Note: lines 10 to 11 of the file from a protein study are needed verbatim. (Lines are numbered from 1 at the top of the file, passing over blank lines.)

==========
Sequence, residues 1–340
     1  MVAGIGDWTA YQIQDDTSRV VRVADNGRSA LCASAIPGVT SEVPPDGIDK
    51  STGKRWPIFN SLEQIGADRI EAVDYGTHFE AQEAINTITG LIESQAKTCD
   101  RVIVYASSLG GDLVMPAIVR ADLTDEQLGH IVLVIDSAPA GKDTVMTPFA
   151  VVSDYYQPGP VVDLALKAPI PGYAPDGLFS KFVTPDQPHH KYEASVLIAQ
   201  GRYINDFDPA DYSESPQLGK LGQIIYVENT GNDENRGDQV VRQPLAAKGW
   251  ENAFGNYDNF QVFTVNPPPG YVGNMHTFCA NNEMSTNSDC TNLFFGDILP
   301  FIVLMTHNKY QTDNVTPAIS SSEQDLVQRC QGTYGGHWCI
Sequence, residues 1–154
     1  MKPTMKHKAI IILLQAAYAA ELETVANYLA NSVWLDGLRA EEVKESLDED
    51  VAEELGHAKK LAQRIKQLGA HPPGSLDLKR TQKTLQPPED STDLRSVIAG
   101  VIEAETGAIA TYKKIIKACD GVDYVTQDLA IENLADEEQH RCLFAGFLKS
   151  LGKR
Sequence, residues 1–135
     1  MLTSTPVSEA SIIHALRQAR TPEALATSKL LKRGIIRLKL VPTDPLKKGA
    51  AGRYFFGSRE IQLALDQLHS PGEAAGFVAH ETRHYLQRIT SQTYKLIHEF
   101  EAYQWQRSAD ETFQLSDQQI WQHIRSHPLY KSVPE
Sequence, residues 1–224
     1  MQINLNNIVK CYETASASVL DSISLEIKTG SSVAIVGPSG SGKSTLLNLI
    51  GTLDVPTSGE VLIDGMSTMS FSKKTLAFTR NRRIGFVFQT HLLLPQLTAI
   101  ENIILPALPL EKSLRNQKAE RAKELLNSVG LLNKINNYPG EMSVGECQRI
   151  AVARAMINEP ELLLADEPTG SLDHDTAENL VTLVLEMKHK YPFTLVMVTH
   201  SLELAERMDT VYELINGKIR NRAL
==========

     1  MKPTMKHKAI IILLQAAYAA ELETVANYLA NSVWLDGLRA EEVKESLDED
    51  VAEELGHAKK LAQRIKQLGA HPPGSLDLKR TQKTLQPPED STDLRSVIAG